Tuesday, September 03, 2013

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[IWS] Census: 2011 SMALL AREA HEALTH INSURANCE ESTIMATES (SAHIE) [29 August 2013]

IWS Documented News Service

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Institute for Workplace Studies----------------- Professor Samuel B. Bacharach

School of Industrial & Labor Relations-------- Director, Institute for Workplace Studies

Cornell University

16 East 34th Street, 4th floor---------------------- Stuart Basefsky

New York, NY 10016 -------------------------------Director, IWS News Bureau

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Census

 

2011 SMALL AREA HEALTH INSURANCE ESTIMATES (SAHIE) [29 August 2013]
http://www.census.gov/did/www/sahie/index.html

 

2011 HIGHLIGHTS
http://www.census.gov/did/www/sahie/data/2011/SAHIE_Highlights_2011.pdf

[full-text, 24 pages]

 

MAPS
http://www.census.gov/did/www/sahie/data/files/F11-SAHIE-2011-County-Uninsured-138-and-400-percent-IPR.jpg

 

 

Press Release 29 August 2013
Census Bureau Releases Health Insurance Coverage Estimates for All Counties

http://www.census.gov/newsroom/releases/archives/health_care_insurance/cb13-tps80.html

The Census Bureau today released its 2011 Small Area Health Insurance Estimates (SAHIE). The estimates show the number of people with and without health insurance for all states and each of the nation's roughly 3,140 counties. The statistics are provided by broad age group, sex, race and Hispanic origin, and at income levels that reflect thresholds for state and federal assistance programs. The data can be used to assess annual changes in health insurance coverage from 2008 through 2011.

The release includes a 2011 highlights document that describes demographic and economic differences in health insurance status across states and counties, as well as geographic variation and time trends in health insurance status. The document also includes a number of maps that are available for download from the SAHIE website.

SAHIE can be a useful tool when evaluating the impacts of health care policy changes at the state and county levels. SAHIE provides estimates of the uninsured at incomes 0 to 138 percent of the federal poverty threshold. This group may qualify for Medicaid in participating states. The 0 to 400 percent group provides estimates of the uninsured population that may qualify for the Health Insurance Exchanges or for Medicaid. To make quick evaluations of your state's potential program participants, visit the SAHIE interactive data and mapping tool on the SAHIE website. The tool allows users to create and download state and county custom tables and thematic maps, and state health insurance coverage time trend charts.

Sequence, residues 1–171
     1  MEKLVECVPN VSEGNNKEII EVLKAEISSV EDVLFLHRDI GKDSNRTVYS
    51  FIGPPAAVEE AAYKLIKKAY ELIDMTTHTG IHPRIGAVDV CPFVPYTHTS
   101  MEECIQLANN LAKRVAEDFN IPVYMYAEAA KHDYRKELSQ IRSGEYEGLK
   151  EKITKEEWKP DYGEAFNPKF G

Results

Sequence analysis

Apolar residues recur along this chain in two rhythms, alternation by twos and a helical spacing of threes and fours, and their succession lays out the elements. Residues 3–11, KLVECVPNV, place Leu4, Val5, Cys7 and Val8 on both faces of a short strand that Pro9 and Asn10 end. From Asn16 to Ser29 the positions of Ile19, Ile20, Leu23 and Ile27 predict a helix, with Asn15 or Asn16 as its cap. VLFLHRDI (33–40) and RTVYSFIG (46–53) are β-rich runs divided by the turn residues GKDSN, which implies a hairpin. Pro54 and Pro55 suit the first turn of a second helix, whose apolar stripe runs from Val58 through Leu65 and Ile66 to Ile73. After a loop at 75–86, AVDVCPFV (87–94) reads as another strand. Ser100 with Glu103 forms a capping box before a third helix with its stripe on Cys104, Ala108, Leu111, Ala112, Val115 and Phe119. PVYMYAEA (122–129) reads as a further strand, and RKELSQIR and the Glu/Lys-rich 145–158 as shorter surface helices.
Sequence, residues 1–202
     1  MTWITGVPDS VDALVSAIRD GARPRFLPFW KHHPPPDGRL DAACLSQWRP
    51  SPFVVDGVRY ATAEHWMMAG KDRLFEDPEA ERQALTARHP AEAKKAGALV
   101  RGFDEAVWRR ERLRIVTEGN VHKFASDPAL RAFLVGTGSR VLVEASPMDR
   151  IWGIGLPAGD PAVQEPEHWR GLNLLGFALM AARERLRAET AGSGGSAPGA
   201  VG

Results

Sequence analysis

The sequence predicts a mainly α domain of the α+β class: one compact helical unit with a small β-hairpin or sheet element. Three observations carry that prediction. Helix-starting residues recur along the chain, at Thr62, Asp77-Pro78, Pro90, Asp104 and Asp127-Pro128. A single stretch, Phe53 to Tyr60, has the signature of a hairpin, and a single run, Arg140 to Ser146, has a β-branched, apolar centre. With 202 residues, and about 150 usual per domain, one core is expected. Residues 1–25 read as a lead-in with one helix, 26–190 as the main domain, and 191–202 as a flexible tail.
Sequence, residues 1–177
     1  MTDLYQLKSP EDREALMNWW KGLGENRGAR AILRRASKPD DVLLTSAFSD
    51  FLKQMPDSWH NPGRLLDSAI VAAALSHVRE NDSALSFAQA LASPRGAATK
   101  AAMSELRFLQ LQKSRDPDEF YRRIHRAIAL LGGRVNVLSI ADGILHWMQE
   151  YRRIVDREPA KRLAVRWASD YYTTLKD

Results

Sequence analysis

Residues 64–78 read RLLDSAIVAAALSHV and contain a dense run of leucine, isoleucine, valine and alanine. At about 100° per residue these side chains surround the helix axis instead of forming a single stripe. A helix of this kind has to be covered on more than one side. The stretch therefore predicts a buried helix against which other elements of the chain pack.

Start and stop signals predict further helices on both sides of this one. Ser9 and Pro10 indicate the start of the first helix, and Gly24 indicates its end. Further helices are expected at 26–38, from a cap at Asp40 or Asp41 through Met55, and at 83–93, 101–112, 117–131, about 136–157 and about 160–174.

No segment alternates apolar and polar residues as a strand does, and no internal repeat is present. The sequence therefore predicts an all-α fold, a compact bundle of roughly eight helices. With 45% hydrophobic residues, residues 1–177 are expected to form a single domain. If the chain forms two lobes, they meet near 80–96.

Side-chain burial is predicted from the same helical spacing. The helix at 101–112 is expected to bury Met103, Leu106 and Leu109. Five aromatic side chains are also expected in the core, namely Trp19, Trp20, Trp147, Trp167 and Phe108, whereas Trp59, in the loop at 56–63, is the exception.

The SAHIE program models health insurance coverage by combining survey data with population estimates and administrative records. Specifically, it uses the American Community Survey, demographic population estimates, aggregated federal tax returns, participation records for the Supplemental Nutrition Assistance Program, County Business Patterns, Medicaid and the Children's Health Insurance Program participation records, and the 2010 Census.

At present, SAHIE is the only source of health insurance estimates for all counties. There are no county estimates derived from the Current Population Survey. In September, the Census Bureau will release 2012 health insurance coverage estimates for counties with a population of 65,000 or more from the American Community Survey. The following month, similar estimates will be released for counties with a population of 20,000 or more using data collected from 2010 to 2012. In December, for the first time, statistics on health insurance coverage for all areas, regardless of size, will be released based on American Community Survey data collected from 2008 to 2012.

 

 

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This information is provided to subscribers, friends, faculty, students and alumni of the School of Industrial & Labor Relations (ILR). It is a service of the Institute for Workplace Studies (IWS) in New York City. Stuart Basefsky is responsible for the selection of the contents which is intended to keep researchers, companies, workers, and governments aware of the latest information related to ILR disciplines as it becomes available for the purposes of research, understanding and debate. The content does not reflect the opinions or positions of Cornell University, the School of Industrial & Labor Relations, or that of Mr. Basefsky and should not be construed as such. The service is unique in that it provides the original source documentation, via links, behind the news and research of the day. Use of the information provided is unrestricted. However, it is requested that users acknowledge that the information was found via the IWS Documented News Service.

 




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